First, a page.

Over at vman.com: Tobey Maguire interviews Andrew Garfield about being Spidermen!
TM That’s very cool. A lot of what you’ve been talking about, the connectivity between you and the story and the fans, it seems like you have a great respect for the character.
AG Very much so. Peter Parker is such a positive character—he’s pure wish fulfillment, an underdog. I grew so much from him when I was a kid, from the comics all the way up to the first movie you were in. I was 19 when I saw [Spider-Man]. I got a pirated dvd at portobello Market with my friend terry Mcguiness, and we went back to my skanky apartment in North London and we watched it twice in a row and then practiced your final line in the mirror!
AG Terry has this thick accent and every time I would recite that line he would laugh this very distinct laugh and say, “No, man, you could never be fucking Spider-Man. You’ll never be fucking Spider-Man!” I was so humiliated and upset. But, um…fuck you, Terry!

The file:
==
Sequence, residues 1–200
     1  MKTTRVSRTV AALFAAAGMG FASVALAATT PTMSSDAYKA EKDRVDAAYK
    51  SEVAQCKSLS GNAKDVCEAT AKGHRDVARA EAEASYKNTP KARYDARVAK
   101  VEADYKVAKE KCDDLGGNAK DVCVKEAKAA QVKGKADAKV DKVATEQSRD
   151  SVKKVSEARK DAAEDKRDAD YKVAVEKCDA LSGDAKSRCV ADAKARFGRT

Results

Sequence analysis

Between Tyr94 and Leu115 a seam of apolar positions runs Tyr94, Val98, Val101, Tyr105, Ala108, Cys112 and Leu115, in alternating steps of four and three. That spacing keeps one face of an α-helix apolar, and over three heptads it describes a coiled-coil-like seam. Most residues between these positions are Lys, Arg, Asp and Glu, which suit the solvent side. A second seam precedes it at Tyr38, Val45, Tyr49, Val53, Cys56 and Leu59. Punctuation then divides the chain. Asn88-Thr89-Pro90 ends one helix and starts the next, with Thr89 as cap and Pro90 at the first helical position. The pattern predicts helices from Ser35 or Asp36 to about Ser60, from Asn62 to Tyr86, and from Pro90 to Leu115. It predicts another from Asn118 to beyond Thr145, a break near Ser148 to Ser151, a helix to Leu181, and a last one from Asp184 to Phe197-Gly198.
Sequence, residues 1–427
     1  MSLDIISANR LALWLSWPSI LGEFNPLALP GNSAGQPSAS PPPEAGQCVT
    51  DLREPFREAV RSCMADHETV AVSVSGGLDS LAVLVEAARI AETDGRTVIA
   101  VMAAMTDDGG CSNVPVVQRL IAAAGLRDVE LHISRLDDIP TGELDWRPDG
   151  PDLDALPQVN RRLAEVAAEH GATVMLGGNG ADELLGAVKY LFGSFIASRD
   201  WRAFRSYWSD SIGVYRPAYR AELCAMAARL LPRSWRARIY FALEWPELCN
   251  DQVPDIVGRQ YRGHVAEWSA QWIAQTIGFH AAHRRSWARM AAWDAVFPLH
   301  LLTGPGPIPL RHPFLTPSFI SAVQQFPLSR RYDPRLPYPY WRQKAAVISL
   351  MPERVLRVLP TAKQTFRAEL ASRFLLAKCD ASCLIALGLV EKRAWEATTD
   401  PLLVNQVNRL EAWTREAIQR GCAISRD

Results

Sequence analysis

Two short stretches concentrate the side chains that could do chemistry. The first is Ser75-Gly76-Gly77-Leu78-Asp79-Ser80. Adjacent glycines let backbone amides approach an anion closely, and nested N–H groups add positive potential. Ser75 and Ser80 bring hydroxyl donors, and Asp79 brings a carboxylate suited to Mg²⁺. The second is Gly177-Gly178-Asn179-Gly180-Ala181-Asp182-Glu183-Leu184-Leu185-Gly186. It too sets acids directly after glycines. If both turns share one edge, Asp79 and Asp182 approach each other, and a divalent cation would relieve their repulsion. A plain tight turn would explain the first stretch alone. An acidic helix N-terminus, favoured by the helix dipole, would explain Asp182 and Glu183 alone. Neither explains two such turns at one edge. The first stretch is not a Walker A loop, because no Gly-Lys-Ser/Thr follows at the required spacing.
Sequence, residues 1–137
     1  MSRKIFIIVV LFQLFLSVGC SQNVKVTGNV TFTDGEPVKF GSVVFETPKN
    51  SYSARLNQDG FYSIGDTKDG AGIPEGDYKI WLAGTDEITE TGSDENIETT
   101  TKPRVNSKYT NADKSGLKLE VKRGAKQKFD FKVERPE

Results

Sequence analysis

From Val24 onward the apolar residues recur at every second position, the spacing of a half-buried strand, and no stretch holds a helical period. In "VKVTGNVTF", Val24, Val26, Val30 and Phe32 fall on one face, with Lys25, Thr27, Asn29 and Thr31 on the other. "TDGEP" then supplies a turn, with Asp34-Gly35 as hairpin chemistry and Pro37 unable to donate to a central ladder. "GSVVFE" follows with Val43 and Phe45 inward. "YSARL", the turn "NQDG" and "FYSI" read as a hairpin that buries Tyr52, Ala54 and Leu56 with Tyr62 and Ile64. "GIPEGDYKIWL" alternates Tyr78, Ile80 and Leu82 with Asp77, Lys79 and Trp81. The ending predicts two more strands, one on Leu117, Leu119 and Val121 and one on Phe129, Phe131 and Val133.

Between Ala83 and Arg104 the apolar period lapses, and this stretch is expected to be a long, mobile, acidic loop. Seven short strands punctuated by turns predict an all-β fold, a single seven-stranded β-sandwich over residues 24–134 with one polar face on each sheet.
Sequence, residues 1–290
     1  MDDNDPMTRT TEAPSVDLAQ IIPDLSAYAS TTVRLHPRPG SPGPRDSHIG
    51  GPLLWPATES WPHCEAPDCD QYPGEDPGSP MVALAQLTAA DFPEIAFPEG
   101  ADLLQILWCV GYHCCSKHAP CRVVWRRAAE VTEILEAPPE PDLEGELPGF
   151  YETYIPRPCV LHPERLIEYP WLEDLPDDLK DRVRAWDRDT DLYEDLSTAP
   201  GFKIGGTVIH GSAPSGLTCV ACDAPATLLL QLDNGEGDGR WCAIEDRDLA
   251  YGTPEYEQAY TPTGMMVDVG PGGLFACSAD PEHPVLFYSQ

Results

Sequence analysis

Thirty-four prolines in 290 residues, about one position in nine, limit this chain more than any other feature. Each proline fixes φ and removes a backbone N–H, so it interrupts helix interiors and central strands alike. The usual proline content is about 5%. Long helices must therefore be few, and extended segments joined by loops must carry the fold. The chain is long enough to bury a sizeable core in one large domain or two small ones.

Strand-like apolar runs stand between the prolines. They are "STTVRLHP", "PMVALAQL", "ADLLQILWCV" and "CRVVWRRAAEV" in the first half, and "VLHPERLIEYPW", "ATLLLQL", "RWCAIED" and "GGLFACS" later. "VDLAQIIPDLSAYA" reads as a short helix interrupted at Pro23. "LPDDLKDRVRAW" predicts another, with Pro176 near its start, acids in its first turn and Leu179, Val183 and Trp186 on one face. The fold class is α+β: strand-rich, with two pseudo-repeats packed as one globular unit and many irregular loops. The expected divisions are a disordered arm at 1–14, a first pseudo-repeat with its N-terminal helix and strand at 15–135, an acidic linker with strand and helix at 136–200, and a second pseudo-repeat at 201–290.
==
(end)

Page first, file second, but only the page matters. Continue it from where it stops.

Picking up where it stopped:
Amazing, right? The whole thing is very congratulatory and borderline obsequious, and of course you will learn that being Spiderman is very IMPORTANT, but it’s still worth a read. Go have a look.
For those of you who don’t watch Hollywood awards shows every year, you may have missed that Matt LeBlanc now has “, Golden Globe Winner” after his name.
LeBlanc has a brilliant, oddly career redefining role in Showtime’s Episodes, playing none other than… himself.
This is no Joey reincarnate; the show is surprisingly deft at skewering Hollywood nonsensery and narcissism, and above all takes aim at the impossibly ridiculous machinations of American Network broadcasting corporations and the process of bringing a show from pilot to air. Under the helm of Friends exec producer David Crane, you really get the sense that the writers and creators of the show are knowledgeably speaking from horrific-yet-comedically-rich experience.
The show is definitely worth watching, or you could just go ahead and read this spoilery interview in The Guardian here, where LeBlanc discusses the similarities and differences between him and his “character.”